Cooper-Hewitt Presents Free Public Programs July 24 in Washington, D.C., Celebrating the 10th Annual National Design Awards

July 9, 2009
News Release
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The Smithsonian’s Cooper-Hewitt, National Design Museum will celebrate the 10th anniversary of the National Design Awards with free public programs that explore the intersection between design and the world around us. Several of the National Design Award winners will be part of a series of concurrent public programs from 10 to 11 a.m., Friday, July 24, at museums around the Mall. Later that day, First Lady Michelle Obama will host the White House ceremony for the winners and finalists of the 2009 awards and serve as honorary patron for the awards program. Members of the public can learn more about attending these free programs by visiting

Design X Details: Materials and Their Effects
Francisco Costa (Fashion Design winner) and Calvin Tsao and Zack McKown (Interior Design winners) will discuss the role of materials in their work, while sharing their visions, projects and inspirations. Costa has worked since 2004 as the women’s creative director of Calvin Klein Collection. Tsao and McKown are the partners of TsAO & McKOWN Architects, a New York-based practice known for their well-appointed architecture and interiors. This program is free to the public. Advanced registration is required at Corcoran College of Art & Design (500 17th Street N.W.)

Design X Community: Transform Your Neighborhood
Christopher Sharples, Coren Sharples and Gregg Pasquarelli of SHoP Architects (Architecture Design winner) and Walter Hood (Landscape Design winner) will discuss how design can be used as a tool to create a sense of community. Hood and Pasquarelli will explore the ability of design to influence, unite and link communities through examples drawn from their own work. This program is free to the public. Advanced registration is required at The National Building Museum (401 F Street N.W.)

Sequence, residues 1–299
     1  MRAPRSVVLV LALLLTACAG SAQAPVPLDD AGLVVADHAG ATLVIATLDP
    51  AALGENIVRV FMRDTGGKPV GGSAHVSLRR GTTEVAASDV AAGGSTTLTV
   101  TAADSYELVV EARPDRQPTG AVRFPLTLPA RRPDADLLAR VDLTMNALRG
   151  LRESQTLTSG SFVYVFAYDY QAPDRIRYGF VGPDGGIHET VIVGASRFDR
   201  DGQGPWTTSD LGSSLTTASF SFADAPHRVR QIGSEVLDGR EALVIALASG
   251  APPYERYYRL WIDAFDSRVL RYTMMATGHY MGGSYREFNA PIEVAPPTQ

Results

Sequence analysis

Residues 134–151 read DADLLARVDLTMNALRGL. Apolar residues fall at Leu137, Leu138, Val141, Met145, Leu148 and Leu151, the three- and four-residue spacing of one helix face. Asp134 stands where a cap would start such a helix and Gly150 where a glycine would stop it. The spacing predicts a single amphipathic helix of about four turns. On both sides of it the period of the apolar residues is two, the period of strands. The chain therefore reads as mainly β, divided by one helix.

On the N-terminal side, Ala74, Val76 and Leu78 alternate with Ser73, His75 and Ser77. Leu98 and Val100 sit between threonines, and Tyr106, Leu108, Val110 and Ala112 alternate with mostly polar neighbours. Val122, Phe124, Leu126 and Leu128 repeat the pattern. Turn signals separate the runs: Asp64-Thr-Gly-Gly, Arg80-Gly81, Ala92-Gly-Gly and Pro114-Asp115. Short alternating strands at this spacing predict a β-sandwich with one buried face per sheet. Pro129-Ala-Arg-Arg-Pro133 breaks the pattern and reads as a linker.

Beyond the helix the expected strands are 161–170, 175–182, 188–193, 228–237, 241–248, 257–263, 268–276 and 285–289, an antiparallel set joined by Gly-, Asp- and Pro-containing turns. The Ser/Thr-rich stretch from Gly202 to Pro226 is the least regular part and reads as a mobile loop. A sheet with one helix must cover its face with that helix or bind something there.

Design X Information: Interpreting the Present and the Past
Boym Partners (Product Design winner) and Steve Duenes of The New York Times Graphics Department (Communication Design winner) will discuss the relationship between current events and their design process. While the Boyms produce work that interprets current events as fodder for souvenirs and memorabilia, the Times’ Graphics Department has to succinctly digest and interpret the news in real time. This program is free to the public. No advanced registration is required. The Smithsonian Castle (1000 Jefferson Drive S.W.)

Design X Experience: The Future of Interaction Design
Jeff Han of Perceptive Pixel Inc. (Interaction Design winner) and Andrew Blauvelt of Walker Art Center (Corporate and Institutional Achievement winner) will discuss the future of interaction design. Han designs and programs the technology that transforms our relationship to work and the world at large. Most recently, Perceptive Pixel became renowned for completely transforming the way television broadcasters, including CNN, Fox and ABC, covered the historic 2008 Presidential elections. As curator and design director of the Walker Art Center, Blauvelt is at the forefront of discussions about the role of interaction design in a museum context. This program is free to the public. No advanced registration is required. Hirshhorn Museum (Independence Avenue at Seventh Street S.W.)